Dr. John Schultz Accepts Role as Interim Director of Fairmont State University Police Academy
Students enrolled in criminal justice classes at Fairmont State University may have already met Dr. John Schultz. But plenty of people outside the classroom have also met him. Or at least they’ve heard of him.
Schultz’s popularity became evident soon after arriving at Fairmont State to begin his second career as a criminal justice professor. Within a year of taking on this new teaching position, Schultz was named interim director of Fairmont State University Police Academy. Prior to accepting a position here, he spent his entire career in law enforcement in Florida.
A few years ago, Schultz would have never imagined he’d be living in West Virginia heading up the new police academy.
“My plan was to retire after 30 years as a Florida state trooper,” Schultz said. “I knew I wanted to teach. I’m definitely an extrovert and I’ve always liked talking to people. And talk about criminal justice? I can do that.”
A mentor gave Schultz the information he needed to get started. “He told me the path I needed to take to start teaching at the university level,” Schultz said. “He said get your Ph.D. and get started teaching.”
Schultz began his doctorate program in executive leadership at University of Charleston (West Virginia). Upon completion, he began his search.
“I started to reach out to schools and agencies. I checked Fairmont, liked what I saw, and emailed the dean,” Schultz said. “Dean Kast emailed me right back. And he’s still my boss today.”
In August 2022, Schultz began teaching criminal justice at Fairmont State, and he hasn’t slowed down since. He teaches both undergraduate and graduate courses including Introduction to Criminal Justice and Policing Operations.
Schultz also has his hands full as the student government faculty advisor, co-advisor to the Alpha Phi Sigma criminal justice honor society, and a policing fellow contributor for the National Policing Institute based in Washington, D.C.
The criminal justice program has long been an important part of the university’s curriculum. But the police academy itself is new.
Some years ago, former Bridgeport Police Chief Jack Clayton began the process to bring an official police academy to Fairmont State. “The police academy at Fairmont State was Jack’s vision a decade ago,” Schultz said.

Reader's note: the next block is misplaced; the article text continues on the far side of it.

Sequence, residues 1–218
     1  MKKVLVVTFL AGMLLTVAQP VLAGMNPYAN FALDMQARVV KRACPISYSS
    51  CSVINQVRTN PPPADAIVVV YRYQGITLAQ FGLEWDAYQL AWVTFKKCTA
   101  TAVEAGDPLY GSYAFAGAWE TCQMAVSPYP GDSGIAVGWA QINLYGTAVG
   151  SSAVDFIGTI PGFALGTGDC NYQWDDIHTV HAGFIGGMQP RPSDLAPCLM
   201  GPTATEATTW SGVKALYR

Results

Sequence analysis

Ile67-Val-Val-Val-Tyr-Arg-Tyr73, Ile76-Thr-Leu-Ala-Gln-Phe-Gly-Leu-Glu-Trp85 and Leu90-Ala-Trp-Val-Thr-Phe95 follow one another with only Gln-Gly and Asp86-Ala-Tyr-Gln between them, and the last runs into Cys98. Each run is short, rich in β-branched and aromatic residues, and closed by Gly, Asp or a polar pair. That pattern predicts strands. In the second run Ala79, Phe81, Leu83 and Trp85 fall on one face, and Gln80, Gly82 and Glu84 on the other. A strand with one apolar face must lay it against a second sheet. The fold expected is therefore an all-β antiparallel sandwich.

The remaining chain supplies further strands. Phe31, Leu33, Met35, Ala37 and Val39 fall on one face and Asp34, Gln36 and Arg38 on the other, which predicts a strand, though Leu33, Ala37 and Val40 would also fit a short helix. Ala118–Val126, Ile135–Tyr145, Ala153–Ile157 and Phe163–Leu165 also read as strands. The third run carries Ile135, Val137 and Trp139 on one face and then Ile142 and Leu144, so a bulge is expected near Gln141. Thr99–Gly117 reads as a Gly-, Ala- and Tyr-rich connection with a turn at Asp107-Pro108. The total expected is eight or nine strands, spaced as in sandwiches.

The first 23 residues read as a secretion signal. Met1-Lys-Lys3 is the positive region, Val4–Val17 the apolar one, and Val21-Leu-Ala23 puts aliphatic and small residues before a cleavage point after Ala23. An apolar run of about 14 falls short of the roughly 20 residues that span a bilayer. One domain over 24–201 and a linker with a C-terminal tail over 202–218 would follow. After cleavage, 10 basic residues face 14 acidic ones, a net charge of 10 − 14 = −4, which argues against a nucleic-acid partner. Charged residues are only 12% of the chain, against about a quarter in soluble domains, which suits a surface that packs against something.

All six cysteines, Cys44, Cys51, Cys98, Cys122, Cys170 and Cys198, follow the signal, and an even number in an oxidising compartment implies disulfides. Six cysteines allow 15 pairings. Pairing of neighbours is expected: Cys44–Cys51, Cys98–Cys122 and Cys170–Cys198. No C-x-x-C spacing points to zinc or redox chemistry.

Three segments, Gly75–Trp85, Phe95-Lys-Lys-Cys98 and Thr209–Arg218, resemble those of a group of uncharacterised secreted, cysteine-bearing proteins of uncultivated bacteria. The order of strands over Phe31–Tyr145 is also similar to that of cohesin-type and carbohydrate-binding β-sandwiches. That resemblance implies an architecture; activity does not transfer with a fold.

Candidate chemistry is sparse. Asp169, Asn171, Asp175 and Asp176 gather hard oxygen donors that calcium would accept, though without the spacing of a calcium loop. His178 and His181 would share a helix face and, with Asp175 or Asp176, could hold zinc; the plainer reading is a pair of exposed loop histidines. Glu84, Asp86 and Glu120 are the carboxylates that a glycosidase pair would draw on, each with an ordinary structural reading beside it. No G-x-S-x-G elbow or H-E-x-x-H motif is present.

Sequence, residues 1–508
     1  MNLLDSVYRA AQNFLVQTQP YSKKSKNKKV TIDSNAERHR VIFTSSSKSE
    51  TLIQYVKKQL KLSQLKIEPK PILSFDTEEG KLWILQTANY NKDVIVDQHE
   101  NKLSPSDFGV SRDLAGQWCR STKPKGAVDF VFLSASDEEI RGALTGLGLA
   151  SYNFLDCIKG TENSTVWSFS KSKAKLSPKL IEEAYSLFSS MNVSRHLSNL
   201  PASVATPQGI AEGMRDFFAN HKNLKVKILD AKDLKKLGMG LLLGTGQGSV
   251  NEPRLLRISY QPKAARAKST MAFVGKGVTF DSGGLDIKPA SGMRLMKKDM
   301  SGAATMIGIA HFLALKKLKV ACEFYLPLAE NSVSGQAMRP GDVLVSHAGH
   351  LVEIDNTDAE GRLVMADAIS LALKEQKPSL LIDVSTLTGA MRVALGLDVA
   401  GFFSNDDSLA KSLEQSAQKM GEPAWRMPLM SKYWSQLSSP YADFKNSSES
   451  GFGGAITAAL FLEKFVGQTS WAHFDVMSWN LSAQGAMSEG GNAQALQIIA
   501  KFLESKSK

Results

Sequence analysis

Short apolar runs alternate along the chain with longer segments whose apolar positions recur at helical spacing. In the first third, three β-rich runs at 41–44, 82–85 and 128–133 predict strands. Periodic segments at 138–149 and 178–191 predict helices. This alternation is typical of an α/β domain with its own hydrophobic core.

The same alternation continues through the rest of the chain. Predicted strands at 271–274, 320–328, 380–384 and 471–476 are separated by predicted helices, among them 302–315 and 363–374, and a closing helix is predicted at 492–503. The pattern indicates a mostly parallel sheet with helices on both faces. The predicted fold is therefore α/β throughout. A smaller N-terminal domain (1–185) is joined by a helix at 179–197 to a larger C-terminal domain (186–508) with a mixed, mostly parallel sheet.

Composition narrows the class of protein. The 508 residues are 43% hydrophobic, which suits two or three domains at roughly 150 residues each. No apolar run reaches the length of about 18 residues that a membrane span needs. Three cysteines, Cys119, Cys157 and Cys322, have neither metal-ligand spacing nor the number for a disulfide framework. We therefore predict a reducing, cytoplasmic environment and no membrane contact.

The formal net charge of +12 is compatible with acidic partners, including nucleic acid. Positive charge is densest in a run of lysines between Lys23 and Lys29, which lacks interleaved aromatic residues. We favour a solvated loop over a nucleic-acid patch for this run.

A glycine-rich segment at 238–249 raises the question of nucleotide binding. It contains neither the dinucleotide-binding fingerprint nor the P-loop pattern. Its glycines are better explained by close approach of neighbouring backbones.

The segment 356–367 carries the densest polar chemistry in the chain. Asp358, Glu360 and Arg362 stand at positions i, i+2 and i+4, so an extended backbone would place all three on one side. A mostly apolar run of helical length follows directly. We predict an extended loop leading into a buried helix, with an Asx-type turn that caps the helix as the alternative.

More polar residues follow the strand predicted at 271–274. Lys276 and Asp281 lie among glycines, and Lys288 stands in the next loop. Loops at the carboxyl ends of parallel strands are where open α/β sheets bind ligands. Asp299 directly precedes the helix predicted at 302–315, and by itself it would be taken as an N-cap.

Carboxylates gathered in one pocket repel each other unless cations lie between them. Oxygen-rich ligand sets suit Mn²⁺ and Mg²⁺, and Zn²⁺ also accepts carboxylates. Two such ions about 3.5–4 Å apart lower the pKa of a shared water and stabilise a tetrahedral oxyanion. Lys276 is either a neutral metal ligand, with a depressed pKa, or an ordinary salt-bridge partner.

Clayton’s efforts came to fruition when the inaugural class began training in January 2023. Schultz was asked to be the academy’s assistant director. “It was right in my wheelhouse, so I said yes,” Schultz said.
The last thing he expected was to take the reins of the new venture.
“It happened kind of quickly,” Schultz said. “I was vacationing with my family when I got a call—I was asked if I’d be interested in the director position, and I said yes, of course.”
A decisive mindset has long been Schultz’s M.O. During his 30 years with the Florida Highway Patrol, he received numerous commendations including repeated accolades as Trooper of the Month.
Without missing a beat, Schultz jumped in. As the first group of recruits finished the 16-week program, he accepted the reins as overseer of the program.
As the academy’s new director, Schultz’s message has been consistent. “Community engagement is everything,” he said. “We have to build trust and keep that trust. We have to stay in touch with the community.”
The number of people entering a career in law enforcement has dropped over recent years. “Across the country, law enforcement has taken a hit,” Schultz said. “A lot of people retired and there’s a need to fill those ranks. We need good people.”
Schultz remains focused on the rewards of public service. “I really enjoy helping people,” he said. “I enjoy solving problems. We need good people to step up and do this work—this work has purpose.”
Schultz added, “It’s our job to build that trust, to educate the public about how we can help.”
Today, 27 recruits have just begun their training—the second-ever class for Fairmont State’s Police Academy. “We have people from all over West Virginia,” Schultz said. “They represent 19 agencies—municipalities—from around the state.”
For the trainees, fitness is a top priority. “I hope they like P.T. [physical training], because that’s how they start their day when they get up at 5 a.m.,” Schultz said. “Right now, a lot of their training is also about team building. They’re learning how to be part of team, and that’s so important.”
The options for entering the police academy are varied. Students enrolled in Fairmont State’s four-year law enforcement program may opt for the police academy track, which includes their final semester as academy trainees. This program allows students to graduate at the same time as other students, but upon graduation will be certified as West Virginia law enforcement officers.
“The nice thing about this work is I knew I wanted to mentor the next generation,” Schultz said. “I thought I’d do it in the classroom, but now I’m also doing it at the academy.”
Schultz has no plans to stop learning. His current research includes crisis leadership, emotional intelligence, evidence-based policing and community policing.
Schultz and his wife, Kelly, have begun to settle into their new lives. Their son, Tyler, is a sophomore at University of Florida.
After so many years living in Florida, we wondered if his new life in Fairmont required any big adjustments. “Everyone has been great,” Schultz said. “But these hills and my running… I’ve been a flat-lander for so many years, and I’m still not used to running on these hills.”